Clinical Associate Professor and Director, M.S. in Biotechnology Program
Phone: (202) 319-5653
Fax: (202) 319-5721
Education and Training:
- B.S., Pharmaceutical Sciences, Columbia University, New York, New York
- Ph.D., Biochemistry, University of Illinois, Chicago, Illinois
- Post-doctoral Research, National Institutes of Health, Bethesda, U.S
- Molecular Biology
Our laboratory has two main areas of interest. The first is the investigation of factors secreted by certain pathogenic bacteria that can self-inhibit the pathogen's own growth. These factors appear distinct from quorum sensors, which do not inhibit growth but switch on the expression of virulence genes when pathogens enter the stationary phase of growth in culture. Quorum sensors for Gram negative bacteria are derivatives of homoserine lactones, whereas quorum sensors for Gram positive bacteria are small peptides. Furthermore, these unknown factors also appear to be different from bacteriocins, which bacteria secrete and which prevent growth of competing organisms but not the bacterial species that secreted the factor. Our investigations center on the exact chemical structure for the self-inhibitory factors from both Gram negative and Gram positive organisms. Once the structures are known, we will investigate what regulates expression of these factors during growth, and how these factors might be used to treat patients with serious infections who are not responding well to antibiotics.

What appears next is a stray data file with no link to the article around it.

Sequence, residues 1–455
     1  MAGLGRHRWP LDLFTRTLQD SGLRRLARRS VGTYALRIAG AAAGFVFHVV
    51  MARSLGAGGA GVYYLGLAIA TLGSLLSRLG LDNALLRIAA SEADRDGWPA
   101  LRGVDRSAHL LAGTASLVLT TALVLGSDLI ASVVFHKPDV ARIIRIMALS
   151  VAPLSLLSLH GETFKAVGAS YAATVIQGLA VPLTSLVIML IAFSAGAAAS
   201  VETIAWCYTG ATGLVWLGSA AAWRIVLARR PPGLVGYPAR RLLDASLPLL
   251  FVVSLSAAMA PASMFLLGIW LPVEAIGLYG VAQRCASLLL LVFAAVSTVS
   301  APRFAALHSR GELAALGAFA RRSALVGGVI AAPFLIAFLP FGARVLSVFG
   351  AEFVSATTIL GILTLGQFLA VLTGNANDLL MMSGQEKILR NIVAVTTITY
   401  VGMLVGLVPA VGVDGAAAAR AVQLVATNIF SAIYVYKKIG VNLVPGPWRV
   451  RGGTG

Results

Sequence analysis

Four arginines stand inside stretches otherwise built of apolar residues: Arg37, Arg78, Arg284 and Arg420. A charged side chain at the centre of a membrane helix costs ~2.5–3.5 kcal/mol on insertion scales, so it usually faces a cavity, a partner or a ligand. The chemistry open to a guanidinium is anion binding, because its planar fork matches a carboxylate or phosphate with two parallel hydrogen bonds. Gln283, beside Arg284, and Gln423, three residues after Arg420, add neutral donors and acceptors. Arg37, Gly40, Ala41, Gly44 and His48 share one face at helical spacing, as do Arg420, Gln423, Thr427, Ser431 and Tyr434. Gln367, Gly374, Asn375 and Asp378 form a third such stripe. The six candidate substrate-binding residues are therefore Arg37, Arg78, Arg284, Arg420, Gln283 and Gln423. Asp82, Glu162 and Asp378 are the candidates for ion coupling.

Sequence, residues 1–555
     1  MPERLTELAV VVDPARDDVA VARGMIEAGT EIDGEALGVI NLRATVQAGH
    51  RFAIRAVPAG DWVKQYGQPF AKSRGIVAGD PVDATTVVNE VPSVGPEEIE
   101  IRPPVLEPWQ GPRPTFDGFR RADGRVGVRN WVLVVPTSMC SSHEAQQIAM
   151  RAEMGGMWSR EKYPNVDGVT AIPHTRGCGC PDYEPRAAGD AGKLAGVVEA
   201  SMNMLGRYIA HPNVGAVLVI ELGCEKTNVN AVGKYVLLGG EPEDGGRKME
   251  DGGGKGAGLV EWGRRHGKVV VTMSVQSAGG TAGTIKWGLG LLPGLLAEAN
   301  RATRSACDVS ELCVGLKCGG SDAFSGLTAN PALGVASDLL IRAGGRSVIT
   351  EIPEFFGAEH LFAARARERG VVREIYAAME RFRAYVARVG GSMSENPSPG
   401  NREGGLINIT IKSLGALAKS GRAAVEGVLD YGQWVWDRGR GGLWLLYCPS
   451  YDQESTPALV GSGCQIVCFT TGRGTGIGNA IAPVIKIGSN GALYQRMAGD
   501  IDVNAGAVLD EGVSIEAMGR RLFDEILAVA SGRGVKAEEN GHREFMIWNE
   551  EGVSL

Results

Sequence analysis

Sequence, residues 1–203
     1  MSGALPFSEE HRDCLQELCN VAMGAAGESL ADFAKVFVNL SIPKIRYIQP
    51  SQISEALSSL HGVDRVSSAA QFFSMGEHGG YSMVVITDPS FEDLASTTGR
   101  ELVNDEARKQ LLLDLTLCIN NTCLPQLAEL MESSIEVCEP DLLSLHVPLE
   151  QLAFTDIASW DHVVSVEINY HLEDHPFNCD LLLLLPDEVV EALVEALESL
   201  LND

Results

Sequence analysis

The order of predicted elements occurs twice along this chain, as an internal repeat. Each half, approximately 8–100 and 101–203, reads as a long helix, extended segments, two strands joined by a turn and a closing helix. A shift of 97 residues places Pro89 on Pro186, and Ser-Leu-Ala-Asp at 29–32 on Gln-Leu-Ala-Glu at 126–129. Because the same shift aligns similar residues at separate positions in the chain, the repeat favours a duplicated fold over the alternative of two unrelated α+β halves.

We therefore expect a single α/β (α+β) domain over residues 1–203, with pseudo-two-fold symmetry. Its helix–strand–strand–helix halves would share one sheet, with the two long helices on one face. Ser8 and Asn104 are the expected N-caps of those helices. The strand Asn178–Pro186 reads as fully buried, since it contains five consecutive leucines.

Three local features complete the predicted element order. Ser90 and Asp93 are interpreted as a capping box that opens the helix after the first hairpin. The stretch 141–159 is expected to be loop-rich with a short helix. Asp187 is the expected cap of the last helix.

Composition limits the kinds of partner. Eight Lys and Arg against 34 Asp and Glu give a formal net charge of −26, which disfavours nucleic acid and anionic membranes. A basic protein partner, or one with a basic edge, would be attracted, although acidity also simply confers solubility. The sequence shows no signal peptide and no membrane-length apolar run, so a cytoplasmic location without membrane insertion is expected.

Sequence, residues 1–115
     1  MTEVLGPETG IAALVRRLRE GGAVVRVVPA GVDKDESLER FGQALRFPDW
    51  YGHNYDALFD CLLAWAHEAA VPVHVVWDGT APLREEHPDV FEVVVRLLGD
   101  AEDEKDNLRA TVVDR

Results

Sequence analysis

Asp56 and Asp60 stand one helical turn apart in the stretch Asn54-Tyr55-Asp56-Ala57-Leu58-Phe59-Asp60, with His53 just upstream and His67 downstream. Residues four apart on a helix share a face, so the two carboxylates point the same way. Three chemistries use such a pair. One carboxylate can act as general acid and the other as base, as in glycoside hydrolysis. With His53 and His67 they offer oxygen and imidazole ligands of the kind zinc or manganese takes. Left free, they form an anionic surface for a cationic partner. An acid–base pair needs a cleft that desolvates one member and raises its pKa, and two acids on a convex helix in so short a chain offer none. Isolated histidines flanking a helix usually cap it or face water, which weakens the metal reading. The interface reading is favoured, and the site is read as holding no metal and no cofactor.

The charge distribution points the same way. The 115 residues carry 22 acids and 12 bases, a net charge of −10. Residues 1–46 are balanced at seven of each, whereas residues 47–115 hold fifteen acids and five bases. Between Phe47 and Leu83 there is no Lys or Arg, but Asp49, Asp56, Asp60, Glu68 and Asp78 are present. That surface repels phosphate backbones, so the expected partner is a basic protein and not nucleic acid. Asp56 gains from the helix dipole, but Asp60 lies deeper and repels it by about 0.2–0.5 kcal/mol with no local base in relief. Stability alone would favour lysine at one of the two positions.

The second area of interest is the application of a novel and highly sensitive biosensor that uses molecular interactions to identify pathogens and/or biological materials. This patented biosensor was developed in collaboration with faculty at the University of Maryland, College Park. The biosensor combines biotechnological principles with a fiber optic-based operating system that employs a near-infrared laser to create a positive fluorescent signal. After passage through a photoelectric tube that converts light impulses into electric ones, the pulses are then amplified by many magnitudes-of order. The electric signals are then detected and displayed on an oscilloscope. Current applications of this system include uses in medicine, agriculture, and biological warfare.